Central Banks Facing Existential Threat From Bitcoin, Seeking to Control It
Central banks clearly are starting to worry about bitcoin. Who needs central banks if technology can produce an “elastic” currency that is determined by the forces of supply and demand?
No wonder that they are trying to understand this Kafkaesque threat to their existence.
The 6/16 WSJ reported, “The Bank of Canada said it is studying the technology underlying the digital currency bitcoin, conducting one of the first known tests by a major central bank about how it could use the nascent system known as blockchain.”
The 6/7 WSJ included an important articleon this subject titled, “Blockchain Technology Gets a Hearing Inside the Fed’s Headquarters.”
It is worth reading. Essentially, it shows that the central bank bureaucracies are likely to respond to the bitcoin threat by controlling it in a way that will create a Kafkaesque world for the rest of us, monitoring every one of our financial transactions.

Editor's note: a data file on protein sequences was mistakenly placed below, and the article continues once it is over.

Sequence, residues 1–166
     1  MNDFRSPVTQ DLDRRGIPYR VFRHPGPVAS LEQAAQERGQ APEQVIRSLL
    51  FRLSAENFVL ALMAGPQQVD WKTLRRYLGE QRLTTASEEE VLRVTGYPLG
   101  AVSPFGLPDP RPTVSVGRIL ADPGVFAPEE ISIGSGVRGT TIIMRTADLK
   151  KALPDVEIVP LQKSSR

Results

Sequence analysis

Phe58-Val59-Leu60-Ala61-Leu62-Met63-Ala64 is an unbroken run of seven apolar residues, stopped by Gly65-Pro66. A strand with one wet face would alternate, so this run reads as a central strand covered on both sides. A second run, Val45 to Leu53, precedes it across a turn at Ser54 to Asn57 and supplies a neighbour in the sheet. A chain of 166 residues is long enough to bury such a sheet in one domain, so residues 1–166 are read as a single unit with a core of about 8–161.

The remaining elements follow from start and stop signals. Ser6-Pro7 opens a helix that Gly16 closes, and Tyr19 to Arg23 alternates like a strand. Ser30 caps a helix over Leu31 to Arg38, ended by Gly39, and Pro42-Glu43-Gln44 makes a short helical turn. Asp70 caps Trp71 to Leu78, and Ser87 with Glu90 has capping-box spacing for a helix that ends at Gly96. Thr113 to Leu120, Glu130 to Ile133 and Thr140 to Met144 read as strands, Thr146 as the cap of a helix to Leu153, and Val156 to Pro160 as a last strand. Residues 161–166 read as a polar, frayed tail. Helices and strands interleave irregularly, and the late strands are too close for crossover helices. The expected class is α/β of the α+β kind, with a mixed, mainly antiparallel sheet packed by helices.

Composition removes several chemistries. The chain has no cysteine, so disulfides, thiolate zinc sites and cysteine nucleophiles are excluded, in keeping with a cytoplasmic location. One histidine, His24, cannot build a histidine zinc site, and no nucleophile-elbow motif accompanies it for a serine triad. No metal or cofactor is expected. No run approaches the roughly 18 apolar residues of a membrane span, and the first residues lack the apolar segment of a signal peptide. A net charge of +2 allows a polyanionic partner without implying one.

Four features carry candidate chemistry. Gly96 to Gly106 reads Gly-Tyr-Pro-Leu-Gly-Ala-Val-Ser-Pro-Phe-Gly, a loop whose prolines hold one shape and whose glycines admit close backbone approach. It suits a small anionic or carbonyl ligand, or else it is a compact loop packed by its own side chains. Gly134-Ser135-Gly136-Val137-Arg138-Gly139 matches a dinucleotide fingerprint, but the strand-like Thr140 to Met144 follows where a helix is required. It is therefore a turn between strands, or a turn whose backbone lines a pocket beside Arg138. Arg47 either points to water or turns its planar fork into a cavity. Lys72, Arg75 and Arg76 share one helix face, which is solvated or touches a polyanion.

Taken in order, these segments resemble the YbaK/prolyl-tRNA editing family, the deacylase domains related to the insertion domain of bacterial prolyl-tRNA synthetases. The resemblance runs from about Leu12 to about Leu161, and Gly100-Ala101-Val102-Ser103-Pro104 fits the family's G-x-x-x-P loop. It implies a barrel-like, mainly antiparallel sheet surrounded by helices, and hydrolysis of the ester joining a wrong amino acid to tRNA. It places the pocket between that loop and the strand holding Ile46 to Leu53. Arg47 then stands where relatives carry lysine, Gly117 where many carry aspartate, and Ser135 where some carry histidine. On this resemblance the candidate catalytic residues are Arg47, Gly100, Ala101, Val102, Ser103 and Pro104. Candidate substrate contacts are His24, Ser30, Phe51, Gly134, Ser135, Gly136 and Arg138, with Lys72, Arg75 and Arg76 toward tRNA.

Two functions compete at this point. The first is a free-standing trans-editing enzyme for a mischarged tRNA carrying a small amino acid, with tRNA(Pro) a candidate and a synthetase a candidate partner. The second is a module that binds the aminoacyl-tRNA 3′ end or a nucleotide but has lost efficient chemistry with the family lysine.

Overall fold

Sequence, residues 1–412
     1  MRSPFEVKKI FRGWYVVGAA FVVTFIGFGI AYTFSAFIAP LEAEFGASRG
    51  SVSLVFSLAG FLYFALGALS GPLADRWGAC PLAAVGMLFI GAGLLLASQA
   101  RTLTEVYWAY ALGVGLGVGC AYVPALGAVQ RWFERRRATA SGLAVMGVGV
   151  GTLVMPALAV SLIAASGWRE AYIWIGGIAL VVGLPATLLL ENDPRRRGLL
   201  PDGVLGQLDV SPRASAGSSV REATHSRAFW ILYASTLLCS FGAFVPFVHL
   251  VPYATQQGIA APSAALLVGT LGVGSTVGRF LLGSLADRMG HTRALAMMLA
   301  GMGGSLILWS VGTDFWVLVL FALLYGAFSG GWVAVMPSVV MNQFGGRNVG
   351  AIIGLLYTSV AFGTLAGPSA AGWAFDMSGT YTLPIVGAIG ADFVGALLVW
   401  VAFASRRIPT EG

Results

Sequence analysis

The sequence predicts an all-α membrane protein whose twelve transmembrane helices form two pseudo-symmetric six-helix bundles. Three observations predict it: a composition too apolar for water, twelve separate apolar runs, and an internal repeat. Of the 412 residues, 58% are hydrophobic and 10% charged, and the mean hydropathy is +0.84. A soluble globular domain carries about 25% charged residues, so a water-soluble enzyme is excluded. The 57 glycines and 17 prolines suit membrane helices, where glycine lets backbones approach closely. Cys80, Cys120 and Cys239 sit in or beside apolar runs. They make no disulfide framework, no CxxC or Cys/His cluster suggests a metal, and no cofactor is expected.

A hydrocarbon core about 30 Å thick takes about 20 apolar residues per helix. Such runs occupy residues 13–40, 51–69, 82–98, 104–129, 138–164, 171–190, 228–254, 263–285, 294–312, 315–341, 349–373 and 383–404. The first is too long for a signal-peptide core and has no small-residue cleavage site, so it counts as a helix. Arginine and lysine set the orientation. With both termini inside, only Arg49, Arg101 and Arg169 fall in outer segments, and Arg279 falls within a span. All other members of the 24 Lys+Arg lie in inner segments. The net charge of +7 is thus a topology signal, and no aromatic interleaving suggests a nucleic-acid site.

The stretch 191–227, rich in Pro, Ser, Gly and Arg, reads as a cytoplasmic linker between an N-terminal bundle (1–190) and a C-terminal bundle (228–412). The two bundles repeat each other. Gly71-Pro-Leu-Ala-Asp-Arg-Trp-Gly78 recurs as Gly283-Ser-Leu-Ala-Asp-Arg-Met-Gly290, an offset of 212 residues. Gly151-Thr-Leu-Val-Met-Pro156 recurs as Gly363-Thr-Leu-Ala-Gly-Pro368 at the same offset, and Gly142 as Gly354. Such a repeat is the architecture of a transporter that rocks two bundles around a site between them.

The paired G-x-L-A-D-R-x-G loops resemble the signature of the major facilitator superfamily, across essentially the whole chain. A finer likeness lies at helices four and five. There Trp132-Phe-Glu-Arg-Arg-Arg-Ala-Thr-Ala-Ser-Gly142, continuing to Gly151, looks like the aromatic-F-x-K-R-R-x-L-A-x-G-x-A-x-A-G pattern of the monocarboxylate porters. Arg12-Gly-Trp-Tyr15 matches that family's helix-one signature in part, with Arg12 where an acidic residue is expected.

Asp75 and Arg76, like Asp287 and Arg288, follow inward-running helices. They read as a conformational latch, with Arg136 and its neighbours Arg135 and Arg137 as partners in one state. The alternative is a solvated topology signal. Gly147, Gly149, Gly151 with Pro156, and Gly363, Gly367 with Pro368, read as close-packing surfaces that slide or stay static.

On June 1-3, a three-day symposium in Washington, D.C., the 16th annual International Conference on Policy Challenges for the Financial Sector, brought together central bankers from around the world, and its theme this year revolved around Fintech.
The first day was devoted to blockchain technology -- the software that runs the digital currency bitcoin -- and its prospects.
Adam Ludwin, CEO of Chain, presented a paper at the conference titled “Why Central Banks Will Issue Digital Currency.”
He claimed it will result in a truly transparent global financial system. “Soon, the phrase ‘cross-border payment’ will make about as much sense as ‘cross-border email,’” he said in his presentation.
Essentially, the blockchain offers what he called a “new medium” for money, a sort of digitized bearer instrument.
Ludwin emphasized that this kind of network would allow central bankers to monitor all financial transactions on a real-time basis. He said that as a result, “We can answer questions about collateral ownership and rehypothecation that were at root in the run on the system in 2007.”
It also would allow central banks to keep track of the shadow banking system. While comforting on one level, this would give central bankers a disconcerting Kafkaesque (and Orwellian) role in our lives.
Published on Jun 22, 2016
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